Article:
“There will be time for that, I thought. I guess you always think there will be time.”
As I said the words aloud, I realized I was harboring some regret. I graduated college with a degree in digital media production and since then, documenting my family’s story has always, in some capacity, been on my mind. My grandparents’ history had a huge impact on my life and inadvertently, through the objects I would rummage through in their home, my career path. I remember finding their old cameras, playing with their slide and film projectors, learning how to work them, and asking incessant questions about the images that were projected.
So many of their answers came with stories that for the life of me I wish I could remember, but the truth is I’m lucky if I recall the major points. You don’t realize you’ll look back one day and wish you would have captured those moments, those stories, and all the tiny details that make them come alive. They say time is short, and people think that’s so cliché, but when it happens to you and you lose someone you love, you realize so much of their story dies with them, except the parts you remember.
The same could be said for my maternal grandparents. My other grandfather, was born in Chicago and lost both his parents at an early age after the ship they were on, the Eastland, capsized in the Chicago River. That travesty would not only leave him an orphan, but it would result in more casualties than the Titanic, though today it is all but forgotten, swept under the rug of time passed. I intended to get a first hand account of his story, but he passed away before I could.
Grandma was born in South Dakota and her parents migrated to America from Sweden in the bow of a ship, arriving poor, but I imagine full of hope for a better life. No matter how much they acclimated to their new home, the family kept a strong affinity for their Swedish culture. I kept meaning to sit down with her to get the full narrative of their migration and learn more about her roots. I also thought maybe she could shine some light on my grandfather’s story as well, but sadly she passed within a year of my grandfather, before I was able to do so.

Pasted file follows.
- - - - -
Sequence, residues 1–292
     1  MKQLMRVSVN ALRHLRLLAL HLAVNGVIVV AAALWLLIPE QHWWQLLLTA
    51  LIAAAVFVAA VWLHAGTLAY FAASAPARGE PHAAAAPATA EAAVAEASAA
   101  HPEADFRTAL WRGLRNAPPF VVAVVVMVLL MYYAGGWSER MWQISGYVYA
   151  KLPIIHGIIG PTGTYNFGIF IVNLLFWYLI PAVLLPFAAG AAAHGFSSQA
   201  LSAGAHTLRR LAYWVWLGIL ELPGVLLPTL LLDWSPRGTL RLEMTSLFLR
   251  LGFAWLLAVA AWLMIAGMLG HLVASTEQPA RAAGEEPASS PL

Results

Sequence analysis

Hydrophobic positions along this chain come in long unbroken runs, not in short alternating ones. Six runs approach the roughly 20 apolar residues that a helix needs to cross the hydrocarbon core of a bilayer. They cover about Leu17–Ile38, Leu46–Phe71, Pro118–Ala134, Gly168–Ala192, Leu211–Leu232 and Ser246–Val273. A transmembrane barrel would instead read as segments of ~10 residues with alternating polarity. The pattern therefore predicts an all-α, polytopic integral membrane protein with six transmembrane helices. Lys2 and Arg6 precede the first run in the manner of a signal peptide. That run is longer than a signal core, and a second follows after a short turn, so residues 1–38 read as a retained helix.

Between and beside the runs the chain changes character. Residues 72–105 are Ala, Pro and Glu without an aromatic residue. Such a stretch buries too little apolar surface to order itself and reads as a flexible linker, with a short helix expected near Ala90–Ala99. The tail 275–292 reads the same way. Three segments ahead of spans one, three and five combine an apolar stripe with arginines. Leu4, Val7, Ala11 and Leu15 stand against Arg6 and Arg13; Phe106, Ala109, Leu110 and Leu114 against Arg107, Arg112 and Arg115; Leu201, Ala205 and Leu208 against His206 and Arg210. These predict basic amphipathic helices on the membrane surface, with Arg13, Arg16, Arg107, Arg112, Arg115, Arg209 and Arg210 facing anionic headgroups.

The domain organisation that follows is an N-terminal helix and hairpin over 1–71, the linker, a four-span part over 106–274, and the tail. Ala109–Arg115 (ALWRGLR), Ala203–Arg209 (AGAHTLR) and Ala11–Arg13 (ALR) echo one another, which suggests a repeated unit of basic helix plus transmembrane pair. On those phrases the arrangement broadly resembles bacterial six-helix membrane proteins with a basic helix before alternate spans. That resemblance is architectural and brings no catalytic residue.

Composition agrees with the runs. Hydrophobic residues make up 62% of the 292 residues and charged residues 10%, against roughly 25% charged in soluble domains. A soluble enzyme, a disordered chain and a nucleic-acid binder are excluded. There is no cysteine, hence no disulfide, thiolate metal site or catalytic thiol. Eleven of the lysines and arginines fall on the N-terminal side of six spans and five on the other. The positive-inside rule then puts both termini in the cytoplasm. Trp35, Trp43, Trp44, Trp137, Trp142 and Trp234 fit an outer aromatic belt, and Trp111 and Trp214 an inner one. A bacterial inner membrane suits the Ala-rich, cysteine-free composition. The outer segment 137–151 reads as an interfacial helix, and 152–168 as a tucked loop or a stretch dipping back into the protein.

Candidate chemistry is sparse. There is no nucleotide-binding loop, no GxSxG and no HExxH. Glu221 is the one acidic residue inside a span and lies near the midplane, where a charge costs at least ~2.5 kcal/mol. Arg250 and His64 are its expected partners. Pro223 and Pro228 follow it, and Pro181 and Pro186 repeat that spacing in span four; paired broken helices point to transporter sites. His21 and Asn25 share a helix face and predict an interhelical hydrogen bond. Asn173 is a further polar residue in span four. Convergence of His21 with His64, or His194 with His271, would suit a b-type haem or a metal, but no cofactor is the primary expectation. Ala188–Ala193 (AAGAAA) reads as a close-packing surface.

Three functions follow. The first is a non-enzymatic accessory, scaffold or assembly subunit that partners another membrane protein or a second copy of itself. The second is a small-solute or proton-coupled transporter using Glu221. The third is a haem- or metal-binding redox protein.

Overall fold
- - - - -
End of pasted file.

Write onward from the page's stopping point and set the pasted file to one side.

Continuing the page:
They were all part of the Greatest Generation; they survived the Great Depression, fought in World War II, contributed to establishing the foundation of our country as we know it, and lived to see the birth of smartphones. How did I not make it a priority to record more of their history, their legacy? It was around this time that I decided I needed to gather what I could from my parents. Being once removed would have to do.
My Mom and Dad’s friendship began when they were five, and they even played the role of bride and groom on a church float. Finally, they married in 1969. Shortly after I began my career at a digital media studio, Mom was diagnosed with a sudden onset ALS. After a couple of years, she lost her ability to speak and soon after, she passed. With her went the colorful details of her life as a baby boomer and working mother of two. Gone, too, was my opportunity to interview her about her parents’ lives that she spent so much time researching. What remains are hazy details I struggle to recall.